The string was tested for five weeks by 37 USRSA playtesters, with NTRP ratings from 3.5 to 6.0. These are blind tests, with playtesters receiving unmarked strings in unmarked packages. For this playtest team, the normal longevity was 22.1 hours, and the average number of hours spent playtesting Recoil was 25.4.

The ends of the coil are cut at an angle, which is always nice. Despite it’s inherently slippery nature, Recoil has a slight textured feel to it. This texture might be why we had no clamping problems, nor problems grabbing the end of the string to weave the crosses, or getting knots to stay put. Recoil does seem to attract dirt, though, which really shows due to its color. You may need to wipe down the stringbed after stringing.

Prince suggests setting the reference tension for Recoil 10 percent lower than for a typical nylon string, due to its low-friction outer wrap. Consequently, we recommended that our playtesters string 5 to 10 percent lower than normal.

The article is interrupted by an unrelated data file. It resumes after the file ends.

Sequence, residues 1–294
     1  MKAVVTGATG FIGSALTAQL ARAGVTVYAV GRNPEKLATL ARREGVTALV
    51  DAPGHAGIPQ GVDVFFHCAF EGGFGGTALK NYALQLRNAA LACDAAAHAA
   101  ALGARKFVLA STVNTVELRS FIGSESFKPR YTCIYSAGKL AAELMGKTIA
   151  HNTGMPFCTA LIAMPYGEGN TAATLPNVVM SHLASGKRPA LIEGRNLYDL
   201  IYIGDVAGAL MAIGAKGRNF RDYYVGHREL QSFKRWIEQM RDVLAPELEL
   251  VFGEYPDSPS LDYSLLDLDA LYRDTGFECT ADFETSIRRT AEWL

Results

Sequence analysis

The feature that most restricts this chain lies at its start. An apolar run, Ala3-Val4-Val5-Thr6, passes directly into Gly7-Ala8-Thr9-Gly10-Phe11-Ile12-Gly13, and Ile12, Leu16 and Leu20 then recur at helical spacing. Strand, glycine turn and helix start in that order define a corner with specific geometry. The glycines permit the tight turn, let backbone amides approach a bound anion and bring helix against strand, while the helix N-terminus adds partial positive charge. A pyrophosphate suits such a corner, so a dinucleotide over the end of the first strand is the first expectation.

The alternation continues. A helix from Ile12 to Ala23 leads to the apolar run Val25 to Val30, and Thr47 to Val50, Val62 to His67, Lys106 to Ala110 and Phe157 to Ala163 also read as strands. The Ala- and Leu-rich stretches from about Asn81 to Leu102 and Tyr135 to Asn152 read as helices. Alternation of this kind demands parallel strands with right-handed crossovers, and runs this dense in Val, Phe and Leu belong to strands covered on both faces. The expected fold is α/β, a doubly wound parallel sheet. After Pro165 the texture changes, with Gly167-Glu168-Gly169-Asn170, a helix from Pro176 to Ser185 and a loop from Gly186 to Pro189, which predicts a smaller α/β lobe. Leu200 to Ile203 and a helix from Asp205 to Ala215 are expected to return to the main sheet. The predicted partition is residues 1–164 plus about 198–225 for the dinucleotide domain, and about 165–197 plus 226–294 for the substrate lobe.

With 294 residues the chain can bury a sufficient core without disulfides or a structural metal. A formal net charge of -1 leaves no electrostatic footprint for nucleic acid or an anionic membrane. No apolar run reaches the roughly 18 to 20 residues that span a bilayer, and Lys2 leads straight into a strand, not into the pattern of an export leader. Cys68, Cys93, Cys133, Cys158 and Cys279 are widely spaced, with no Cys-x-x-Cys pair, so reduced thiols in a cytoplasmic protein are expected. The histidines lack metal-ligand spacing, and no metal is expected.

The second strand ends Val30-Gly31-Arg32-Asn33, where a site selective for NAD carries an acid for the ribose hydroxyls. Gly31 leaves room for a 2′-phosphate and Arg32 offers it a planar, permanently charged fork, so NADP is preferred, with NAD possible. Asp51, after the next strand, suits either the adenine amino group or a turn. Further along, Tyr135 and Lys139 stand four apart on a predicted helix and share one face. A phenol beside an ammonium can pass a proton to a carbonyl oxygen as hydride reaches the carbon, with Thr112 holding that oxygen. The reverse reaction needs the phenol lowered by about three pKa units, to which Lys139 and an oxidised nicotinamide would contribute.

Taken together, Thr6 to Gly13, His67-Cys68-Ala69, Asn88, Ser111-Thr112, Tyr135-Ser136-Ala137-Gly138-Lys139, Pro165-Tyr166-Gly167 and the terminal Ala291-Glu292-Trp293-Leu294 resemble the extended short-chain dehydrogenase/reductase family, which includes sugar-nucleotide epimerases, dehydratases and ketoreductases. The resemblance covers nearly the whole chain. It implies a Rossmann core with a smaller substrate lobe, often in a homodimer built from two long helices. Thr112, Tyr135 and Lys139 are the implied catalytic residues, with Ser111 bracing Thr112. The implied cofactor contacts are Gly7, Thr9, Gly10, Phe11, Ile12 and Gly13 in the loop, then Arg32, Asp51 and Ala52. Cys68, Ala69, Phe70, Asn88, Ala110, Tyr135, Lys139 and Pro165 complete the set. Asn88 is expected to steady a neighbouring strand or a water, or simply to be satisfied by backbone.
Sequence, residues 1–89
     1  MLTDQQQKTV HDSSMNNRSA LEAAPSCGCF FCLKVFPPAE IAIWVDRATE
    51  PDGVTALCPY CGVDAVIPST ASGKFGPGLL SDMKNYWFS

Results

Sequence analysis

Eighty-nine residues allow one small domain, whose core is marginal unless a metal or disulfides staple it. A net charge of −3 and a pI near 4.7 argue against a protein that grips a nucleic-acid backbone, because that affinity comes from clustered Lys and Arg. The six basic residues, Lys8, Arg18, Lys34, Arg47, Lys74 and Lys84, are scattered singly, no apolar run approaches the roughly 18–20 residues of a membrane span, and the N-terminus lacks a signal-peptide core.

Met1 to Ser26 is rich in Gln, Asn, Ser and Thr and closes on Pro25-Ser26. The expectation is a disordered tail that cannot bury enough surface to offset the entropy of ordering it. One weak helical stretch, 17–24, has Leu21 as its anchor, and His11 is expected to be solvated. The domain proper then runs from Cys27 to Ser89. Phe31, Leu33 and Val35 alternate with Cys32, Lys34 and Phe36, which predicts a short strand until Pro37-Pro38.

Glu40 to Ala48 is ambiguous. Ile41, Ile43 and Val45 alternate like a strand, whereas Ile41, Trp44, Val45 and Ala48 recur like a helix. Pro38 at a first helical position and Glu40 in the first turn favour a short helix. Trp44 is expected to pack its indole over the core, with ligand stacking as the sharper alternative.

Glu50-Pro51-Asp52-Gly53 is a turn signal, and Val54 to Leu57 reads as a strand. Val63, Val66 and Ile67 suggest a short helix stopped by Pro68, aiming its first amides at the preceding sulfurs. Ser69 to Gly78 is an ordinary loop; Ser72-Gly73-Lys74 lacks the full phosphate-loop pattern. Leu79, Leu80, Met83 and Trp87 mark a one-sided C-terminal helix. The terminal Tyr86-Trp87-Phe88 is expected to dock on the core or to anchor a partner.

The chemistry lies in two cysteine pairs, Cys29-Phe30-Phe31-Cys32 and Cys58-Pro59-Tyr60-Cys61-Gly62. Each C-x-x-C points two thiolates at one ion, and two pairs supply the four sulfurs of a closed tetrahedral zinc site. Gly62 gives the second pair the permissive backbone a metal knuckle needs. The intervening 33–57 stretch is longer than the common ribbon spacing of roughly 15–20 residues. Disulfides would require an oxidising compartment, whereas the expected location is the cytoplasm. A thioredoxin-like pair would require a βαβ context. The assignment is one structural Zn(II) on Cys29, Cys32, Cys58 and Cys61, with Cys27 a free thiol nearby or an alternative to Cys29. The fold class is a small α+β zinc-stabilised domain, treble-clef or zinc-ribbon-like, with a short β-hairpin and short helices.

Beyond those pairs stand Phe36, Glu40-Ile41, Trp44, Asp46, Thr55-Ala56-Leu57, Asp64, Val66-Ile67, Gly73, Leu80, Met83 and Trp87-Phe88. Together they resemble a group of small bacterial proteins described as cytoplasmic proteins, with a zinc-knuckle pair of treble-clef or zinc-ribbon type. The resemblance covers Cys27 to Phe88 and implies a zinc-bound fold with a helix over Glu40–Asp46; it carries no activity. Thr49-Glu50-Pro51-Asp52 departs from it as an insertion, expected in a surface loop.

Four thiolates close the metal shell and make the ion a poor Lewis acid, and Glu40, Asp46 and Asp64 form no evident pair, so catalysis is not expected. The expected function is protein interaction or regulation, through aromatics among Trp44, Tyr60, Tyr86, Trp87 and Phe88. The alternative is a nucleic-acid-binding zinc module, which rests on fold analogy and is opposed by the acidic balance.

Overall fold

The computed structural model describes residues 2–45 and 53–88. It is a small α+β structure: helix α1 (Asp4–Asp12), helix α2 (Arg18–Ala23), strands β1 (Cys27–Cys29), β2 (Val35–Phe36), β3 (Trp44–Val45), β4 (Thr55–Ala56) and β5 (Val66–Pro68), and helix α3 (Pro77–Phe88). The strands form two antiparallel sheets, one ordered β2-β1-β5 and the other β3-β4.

No playtester broke his sample during stringing, one reported problems with coil memory, one reported problems tying knots, and one reported friction burn.

On the court

Prince Recoil got great marks from our playtest team for Tension Retention and Resistance to Movement. Its score for Tension Retention was 9th best of the 123 strings we’ve playtested to date, and 17th best for Resistance to Movement. Our playtest team also liked Recoil’s Durability, Control, Comfort, and Spin Potential, giving it scores that are well above average in each of these categories. As a result, Recoil’s overall average score is well above average.

Three players broke Recoil during the playtest period, one at 10 hours, one at 12, and one at 14.

Conclusion

It’s always exciting to see manufacturers using new materials and manufacturing processes to create new products, and Recoil is on the cutting edge in this respect. With its unique composition and higher price point, Recoil is clearly a premium string.